If you enjoy this episode about motivation confidence & self-belief, then please rate the show and share it with your friends so they can benefit from this free expert information. Your comments and feedback are always welcome. Please subscribe to the podcast on iTunes or the video series on YouTube so you will receive each update immediately upon release. To enjoy more engaging interviews, visit our full podcast library.

Episode links

During episode 19 Pete mentioned a range of different books, experts and talks that you can find out more about by following the links below:

Mel Robbins TEDX talk: How to stop screwing yourself over

Episode 11 Fit to Succeed podcast with Pete’s past fitness colleague, Lincoln Bryden, a leading group exercise expert

Book recommendations:

Think and grow rich by Napoleon Hill

The Heroes Journey by Joseph Campbell

Pete Cohen’s Mi365 podcast

Bonus video

This short bonus interview was recorded in addition to the main interview. Pete shares some quick thoughts to help those who need some ideas in a hurry! Enjoy.

exercise-throughout-pregnancy-jenny-burrell-fit-to-succeed-podcast

Exercise throughout pregnancy – Episode 16 with Jenny Burrell

Summary

In this episode, Jenny Burrell champions the health and fitness needs of women keeping fit during pregnancy and the postnatal period. Pregnancy does not have to become a time to rest and ‘put your feet up’ only, it can also be a time to continue enjoying your fitness habits and maintaining exercise throughout pregnancy. Jenny is passionate about empowering women to function, move, and enjoy life during and after pregnancy.

Biography

Jenny Burrell is the head of Burrell Education, one of the UK’s leading-edge educators in the field of modern Pregnancy, Post Baby, 3rd Age (Peri-to Post-Menopause) and Female Fitness. Burrell Education the UK’s only endorsed, accredited and licensed education provider dedicated to solely to these specific special population groups.

Jenny states her mission is to help mothers/women and pre & postnatal fitness professionals to realize the unlimited forward-facing possibilities for creating intuitive, real-life programming. She loves to develop strategies that quite simply get results. But most importantly, Jenny helps women re-connect with the power of who they really are!

She originally qualified with a BSc in biochemistry and microbiology. A lifelong learner, Jenny has obtained over 25 professional certifications in fitness, therapy, and wellness.

Episode content: Exercise throughout pregnancy

Some of the topics discussed during this engaging episode on keeping fit and continuing with exercise throughout pregnancy include:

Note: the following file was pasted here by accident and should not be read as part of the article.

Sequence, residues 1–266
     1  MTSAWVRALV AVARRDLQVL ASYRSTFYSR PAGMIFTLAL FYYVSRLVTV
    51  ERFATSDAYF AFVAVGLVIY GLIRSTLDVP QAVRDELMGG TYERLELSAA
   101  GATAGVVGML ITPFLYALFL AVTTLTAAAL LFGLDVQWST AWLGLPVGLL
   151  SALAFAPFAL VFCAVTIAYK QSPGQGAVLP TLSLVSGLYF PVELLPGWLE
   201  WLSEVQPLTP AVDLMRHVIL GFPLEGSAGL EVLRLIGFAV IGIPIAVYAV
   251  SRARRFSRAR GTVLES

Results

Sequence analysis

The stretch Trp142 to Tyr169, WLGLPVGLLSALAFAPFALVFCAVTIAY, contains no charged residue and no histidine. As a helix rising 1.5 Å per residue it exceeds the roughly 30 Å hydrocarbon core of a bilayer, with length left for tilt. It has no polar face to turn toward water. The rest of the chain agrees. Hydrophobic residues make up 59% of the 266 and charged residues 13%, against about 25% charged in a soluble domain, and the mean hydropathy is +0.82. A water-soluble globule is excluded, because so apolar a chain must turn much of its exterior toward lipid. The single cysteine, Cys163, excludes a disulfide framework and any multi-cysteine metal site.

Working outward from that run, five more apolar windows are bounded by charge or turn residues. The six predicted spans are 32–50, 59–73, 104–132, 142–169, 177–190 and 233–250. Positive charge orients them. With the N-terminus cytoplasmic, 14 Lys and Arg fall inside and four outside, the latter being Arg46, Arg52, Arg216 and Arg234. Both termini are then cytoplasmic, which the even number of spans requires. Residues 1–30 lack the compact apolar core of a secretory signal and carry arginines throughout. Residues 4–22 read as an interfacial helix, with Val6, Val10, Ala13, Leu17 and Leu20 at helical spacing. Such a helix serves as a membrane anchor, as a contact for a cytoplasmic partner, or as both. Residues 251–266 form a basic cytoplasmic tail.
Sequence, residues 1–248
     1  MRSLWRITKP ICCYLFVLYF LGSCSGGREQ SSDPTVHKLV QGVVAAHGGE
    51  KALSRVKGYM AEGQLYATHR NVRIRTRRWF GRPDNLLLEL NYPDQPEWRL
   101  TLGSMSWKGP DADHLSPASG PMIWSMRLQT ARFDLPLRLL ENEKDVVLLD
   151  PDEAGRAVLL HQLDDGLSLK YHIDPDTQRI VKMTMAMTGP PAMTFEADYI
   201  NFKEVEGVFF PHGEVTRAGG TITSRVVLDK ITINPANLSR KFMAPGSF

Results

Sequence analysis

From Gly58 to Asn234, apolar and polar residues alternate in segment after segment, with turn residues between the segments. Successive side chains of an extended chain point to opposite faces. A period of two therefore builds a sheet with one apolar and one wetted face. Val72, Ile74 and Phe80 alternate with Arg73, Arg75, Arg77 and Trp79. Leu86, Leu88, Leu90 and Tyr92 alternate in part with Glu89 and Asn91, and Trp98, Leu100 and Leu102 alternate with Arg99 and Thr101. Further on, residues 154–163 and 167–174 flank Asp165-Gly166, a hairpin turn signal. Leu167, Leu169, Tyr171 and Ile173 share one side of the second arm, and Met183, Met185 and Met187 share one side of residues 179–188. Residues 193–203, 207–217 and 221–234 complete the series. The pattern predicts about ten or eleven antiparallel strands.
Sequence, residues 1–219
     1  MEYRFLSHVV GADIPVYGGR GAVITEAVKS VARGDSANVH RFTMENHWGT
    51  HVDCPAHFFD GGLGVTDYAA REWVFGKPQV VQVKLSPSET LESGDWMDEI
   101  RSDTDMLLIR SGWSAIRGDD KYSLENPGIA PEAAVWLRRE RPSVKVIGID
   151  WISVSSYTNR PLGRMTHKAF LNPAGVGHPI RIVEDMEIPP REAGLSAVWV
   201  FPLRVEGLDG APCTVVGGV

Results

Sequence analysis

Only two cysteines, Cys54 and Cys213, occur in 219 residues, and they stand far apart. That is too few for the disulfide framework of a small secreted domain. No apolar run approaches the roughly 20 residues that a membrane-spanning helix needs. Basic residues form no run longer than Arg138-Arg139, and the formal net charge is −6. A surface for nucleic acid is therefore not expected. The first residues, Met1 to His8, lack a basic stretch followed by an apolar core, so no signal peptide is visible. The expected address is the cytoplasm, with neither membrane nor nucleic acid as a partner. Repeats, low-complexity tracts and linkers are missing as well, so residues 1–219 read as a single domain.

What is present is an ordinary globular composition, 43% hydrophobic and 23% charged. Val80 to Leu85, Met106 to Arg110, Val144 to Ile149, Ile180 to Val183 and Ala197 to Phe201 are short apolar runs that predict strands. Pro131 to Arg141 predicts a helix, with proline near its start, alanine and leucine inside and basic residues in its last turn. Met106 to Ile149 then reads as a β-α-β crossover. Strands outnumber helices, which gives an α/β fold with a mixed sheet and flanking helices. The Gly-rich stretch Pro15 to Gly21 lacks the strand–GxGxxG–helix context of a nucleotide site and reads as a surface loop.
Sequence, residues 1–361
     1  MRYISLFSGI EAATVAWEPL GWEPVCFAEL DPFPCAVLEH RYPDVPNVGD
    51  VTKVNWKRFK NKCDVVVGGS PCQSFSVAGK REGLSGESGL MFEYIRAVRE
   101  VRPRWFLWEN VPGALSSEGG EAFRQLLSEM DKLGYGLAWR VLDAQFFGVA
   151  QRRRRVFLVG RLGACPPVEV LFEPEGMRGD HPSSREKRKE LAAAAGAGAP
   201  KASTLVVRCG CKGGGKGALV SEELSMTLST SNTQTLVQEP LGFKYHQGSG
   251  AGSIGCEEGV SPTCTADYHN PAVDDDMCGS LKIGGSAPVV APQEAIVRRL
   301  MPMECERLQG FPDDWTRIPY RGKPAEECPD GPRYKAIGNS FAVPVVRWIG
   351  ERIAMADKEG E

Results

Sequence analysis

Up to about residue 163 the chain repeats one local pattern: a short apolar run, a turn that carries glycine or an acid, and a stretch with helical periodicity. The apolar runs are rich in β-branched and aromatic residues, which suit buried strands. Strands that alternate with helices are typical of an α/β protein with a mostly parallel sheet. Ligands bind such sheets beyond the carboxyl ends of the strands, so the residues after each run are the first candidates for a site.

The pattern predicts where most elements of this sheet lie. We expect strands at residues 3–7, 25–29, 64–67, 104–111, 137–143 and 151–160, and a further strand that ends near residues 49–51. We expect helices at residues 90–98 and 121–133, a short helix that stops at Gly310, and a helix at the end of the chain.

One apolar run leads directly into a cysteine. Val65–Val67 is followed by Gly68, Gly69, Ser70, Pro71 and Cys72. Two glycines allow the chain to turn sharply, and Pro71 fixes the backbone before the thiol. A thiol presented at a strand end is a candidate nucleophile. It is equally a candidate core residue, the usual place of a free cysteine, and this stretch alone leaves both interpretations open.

• Jenny’s fascinating journey to becoming a fitness professional that specializes in female fitness and wellness
  • a breakthrough in modern, pregnancy-related fitness advice
  • the changes in fitness and functional needs across the 3 trimesters of pregnancy
  • how the core and pelvic floor muscles are integrated in their function
  • and many more tips and ideas for keeping fit during pregnancy and female health

If you enjoy this episode, then please rate the show and share it with your friends so they can benefit from this free expert information. Your comments and feedback are always welcome. Please subscribe to the podcast on iTunes or the video series on YouTube so you will receive each update immediately upon release. To enjoy more engaging expert interviews, visit the full podcast library.

Connect with Jenny:

To learn more about Jenny and look into the wide range of specialist pre and postnatal training courses available through her website: www.burrelleducation.com

Social media:

Facebook @burrelleducation

Instagram @Burrell_education

Twitter @MsJennyBurrell

Episode links

During the episode, Jenny mentions 2 specific individuals in the functional movement fields that helped improve her skills for keeping fit during pregnancy. If you would like to learn more about the concepts they teach follow the links below:

Paul Chek, founder of the Chek Institute and his Primal Pattern Movements course

Thomas Myers and his Anatomy Trains that teach regarding the myofacial lines

Bonus video

We also recorded a short bonus quick fire question round with Jenny. Again she offers some helpful thoughts and applicable tips. Enjoy!

Personal Training students feature in International women’s football match

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The Algarve Cup 2019 tournament

The 2019 Algarve Cup was the 26th edition of the international women’s invitational football tournament held in Portugal between 27th February to 6th March.

During the tournament, on 4th March, Scotland (FIFA ranking 20th) played against Iceland (FIFA ranking 22nd) in an exciting matchup that delivered 5 goals in total with Scotland taking the victory. The full match reports, can be found on the Scottish FA website and also the Icelandic FA website.